7 invaluable things to know about… Gender Equality
1. Women are still not treated equally
- Women earn 77 cents for every dollar that men receive.
- Only 52% of women in marriages and other unions make their own decisions about sexual relations, contraceptive use and health care.
- 35% of women have experienced physical or sexual violence.
- 49 countries currently have no laws protecting women from domestic violence.
- Almost 750 million women alive today were married before they turned 18.
- In 18 countries, husbands can legally prevent their wives from working.
2. A rite of passage? Or a recognised human rights violation…?
Female genital mutilation (FGM) has been recognised internationally as a violation of human rights. However, it is still practiced in 30 countries, and it is estimated that 200 million women worldwide have been cut. FGM is defined by the World Health Organization as the "partial or total removal of the external female genitalia, or other injury to the female genital organs for non-medical reasons." In extreme cases, the vaginal opening is surgically narrowed. There is a risk of excess bleeding, infection (including HIV), complications in childbirth, infertility and death. In eight countries, almost all girls are subject to some form of FGM: Somalia 98%, Guinea 96%, Djibouti 93%, Egypt 91%, Eritrea 89%, Mali 89%, Sierra Leone 88%, and Sudan 88%. The incidence of FGM has declined by 30% in the past decade, but there is still a long way to go.
3. Empowering women and girls is a win-win
It has been shown time and time again that empowering women helps their community exponentially by bringing increased affluence to their families and helping to drive economic growth.
4. The progress we should celebrate
More girls are now in school compared to 15 years ago. Two thirds of developing countries have achieved gender equality in primary education. And women now make up around 41% of paid workers outside of agriculture, an improvement on 1990 figures of 35%.
5. Some countries are doing better than others...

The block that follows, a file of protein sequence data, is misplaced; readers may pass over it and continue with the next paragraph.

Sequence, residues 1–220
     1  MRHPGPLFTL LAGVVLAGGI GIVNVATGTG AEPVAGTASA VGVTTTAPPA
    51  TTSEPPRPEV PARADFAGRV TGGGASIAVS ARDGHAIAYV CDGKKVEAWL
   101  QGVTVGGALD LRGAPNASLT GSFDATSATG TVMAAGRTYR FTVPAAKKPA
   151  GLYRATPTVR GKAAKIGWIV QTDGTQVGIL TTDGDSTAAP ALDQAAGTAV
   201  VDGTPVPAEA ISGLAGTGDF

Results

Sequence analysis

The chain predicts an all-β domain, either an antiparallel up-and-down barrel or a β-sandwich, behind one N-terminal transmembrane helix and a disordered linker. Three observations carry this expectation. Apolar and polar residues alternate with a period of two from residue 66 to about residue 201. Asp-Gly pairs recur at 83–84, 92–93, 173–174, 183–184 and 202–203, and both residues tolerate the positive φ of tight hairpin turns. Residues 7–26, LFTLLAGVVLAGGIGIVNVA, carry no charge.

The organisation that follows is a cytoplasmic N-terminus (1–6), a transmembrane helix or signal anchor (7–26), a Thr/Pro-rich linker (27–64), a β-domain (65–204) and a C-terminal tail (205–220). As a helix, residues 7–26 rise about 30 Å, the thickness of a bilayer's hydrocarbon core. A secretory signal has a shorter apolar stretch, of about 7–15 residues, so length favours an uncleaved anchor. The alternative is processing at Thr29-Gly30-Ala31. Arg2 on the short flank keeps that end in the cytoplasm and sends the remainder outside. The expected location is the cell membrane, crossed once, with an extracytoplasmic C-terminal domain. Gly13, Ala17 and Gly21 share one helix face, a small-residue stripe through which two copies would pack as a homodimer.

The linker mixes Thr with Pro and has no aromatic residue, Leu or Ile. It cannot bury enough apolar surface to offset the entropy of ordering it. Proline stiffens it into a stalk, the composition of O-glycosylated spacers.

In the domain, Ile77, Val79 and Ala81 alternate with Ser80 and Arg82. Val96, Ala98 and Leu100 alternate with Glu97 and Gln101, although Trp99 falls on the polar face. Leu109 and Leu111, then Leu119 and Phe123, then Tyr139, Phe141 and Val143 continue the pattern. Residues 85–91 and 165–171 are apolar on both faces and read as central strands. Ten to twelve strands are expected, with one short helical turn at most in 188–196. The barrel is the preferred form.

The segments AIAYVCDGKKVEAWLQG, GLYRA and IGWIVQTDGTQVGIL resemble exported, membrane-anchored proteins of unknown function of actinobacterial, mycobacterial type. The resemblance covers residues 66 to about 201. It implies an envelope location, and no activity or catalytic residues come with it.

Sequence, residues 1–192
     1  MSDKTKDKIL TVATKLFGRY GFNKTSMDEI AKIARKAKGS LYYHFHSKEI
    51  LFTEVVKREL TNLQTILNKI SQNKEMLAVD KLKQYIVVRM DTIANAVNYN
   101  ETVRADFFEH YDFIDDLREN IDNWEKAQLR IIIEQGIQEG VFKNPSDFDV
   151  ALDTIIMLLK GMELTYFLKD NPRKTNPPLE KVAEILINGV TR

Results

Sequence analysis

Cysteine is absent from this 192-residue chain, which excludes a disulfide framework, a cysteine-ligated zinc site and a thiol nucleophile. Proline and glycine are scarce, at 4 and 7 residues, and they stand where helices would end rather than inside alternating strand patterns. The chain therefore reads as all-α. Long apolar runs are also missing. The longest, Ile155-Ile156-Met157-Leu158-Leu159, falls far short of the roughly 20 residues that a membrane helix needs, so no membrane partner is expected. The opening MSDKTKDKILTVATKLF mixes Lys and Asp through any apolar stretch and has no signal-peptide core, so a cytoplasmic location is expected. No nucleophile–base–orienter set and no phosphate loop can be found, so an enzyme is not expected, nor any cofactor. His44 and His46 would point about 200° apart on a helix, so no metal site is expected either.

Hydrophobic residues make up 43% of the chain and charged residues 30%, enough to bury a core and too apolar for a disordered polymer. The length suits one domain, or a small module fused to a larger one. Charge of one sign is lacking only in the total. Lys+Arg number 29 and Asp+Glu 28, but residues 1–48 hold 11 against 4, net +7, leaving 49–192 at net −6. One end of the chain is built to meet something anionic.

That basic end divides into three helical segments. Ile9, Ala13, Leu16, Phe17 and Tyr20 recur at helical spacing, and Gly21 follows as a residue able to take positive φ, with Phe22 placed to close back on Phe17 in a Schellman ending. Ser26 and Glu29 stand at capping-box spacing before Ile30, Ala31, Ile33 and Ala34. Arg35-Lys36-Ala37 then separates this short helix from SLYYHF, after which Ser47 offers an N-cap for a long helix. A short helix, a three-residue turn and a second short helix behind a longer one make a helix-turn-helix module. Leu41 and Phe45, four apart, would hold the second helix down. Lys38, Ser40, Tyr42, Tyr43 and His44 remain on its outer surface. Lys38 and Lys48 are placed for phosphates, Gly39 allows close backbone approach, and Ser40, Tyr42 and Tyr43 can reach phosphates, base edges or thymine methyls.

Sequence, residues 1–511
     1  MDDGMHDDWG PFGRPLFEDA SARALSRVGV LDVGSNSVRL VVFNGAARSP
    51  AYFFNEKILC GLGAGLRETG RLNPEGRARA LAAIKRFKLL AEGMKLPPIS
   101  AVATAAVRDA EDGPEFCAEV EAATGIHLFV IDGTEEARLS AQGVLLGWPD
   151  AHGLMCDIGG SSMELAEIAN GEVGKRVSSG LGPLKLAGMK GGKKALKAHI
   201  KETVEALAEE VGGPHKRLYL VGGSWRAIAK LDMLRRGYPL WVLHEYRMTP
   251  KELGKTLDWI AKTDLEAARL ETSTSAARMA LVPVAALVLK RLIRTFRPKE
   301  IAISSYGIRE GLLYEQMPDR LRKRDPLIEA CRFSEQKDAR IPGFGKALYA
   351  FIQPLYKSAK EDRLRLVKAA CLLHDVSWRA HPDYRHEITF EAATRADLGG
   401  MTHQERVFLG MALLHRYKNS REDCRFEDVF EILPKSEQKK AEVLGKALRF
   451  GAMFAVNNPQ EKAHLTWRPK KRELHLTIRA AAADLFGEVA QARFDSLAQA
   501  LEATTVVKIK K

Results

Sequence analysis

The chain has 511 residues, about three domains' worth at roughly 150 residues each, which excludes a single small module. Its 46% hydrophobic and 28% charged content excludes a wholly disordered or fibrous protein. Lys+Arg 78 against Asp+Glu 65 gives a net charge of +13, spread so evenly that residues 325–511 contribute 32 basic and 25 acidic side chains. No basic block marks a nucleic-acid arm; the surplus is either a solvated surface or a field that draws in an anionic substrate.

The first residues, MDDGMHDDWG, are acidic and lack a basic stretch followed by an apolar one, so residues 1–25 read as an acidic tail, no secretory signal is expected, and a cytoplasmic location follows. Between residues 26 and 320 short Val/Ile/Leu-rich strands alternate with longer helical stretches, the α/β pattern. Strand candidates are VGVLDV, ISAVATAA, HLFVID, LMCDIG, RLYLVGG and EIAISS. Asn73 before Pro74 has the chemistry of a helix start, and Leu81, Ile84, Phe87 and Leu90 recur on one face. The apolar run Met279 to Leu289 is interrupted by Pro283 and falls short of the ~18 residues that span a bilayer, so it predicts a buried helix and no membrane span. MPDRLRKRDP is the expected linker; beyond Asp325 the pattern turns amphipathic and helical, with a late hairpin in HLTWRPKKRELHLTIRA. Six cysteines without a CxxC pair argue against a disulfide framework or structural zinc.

…and they may not be the ones you’d expect. A new report from the World Bank looks at gender equality through milestones in a woman’s life – from starting a job to getting a pension. Of 187 countries surveyed, only six received perfect scores: Belgium, Denmark, France, Luxembourg, Sweden, and Latvia.
6. African Girls Can CODE
According to data from the UN’s International Telecommunication Union (ITU), Africa has the widest digital gender gap, with only 18.6% of women using the internet (versus 24.9% of men). Last year, the ITU, UN Women and the African Union Commission (AUC) got together to create African Girls Can CODE. The four-year initiative encourages girls across the continent to become digitally literate. More than 2,000 girls will attend coding camps, setting them up for careers in information and communications technology.
7.Confronting child marriage through peer pressure
In rural India, women are using social pressure to stop child marriage. Thanks to an organisation called Women Peer Groups, more than 2,800 rural women and girls across five states have pledged that they won’t let their daughters marry underage, and to boycott weddings that involve child brides. One such activist is 20-year-old Malti Tudu from the village of Simalbari in Bitar. In her caste and tribe, 74.1% of girls marry before the age of 18. But that’s something she wants to stop. To this end, she recently petitioned the parents of a 16-year-old girl whose marriage was being arranged. When the parents resisted her request, she asked everyone she knew in the village not to attend the wedding. The social pressure worked – and the girl was allowed to continue her studies.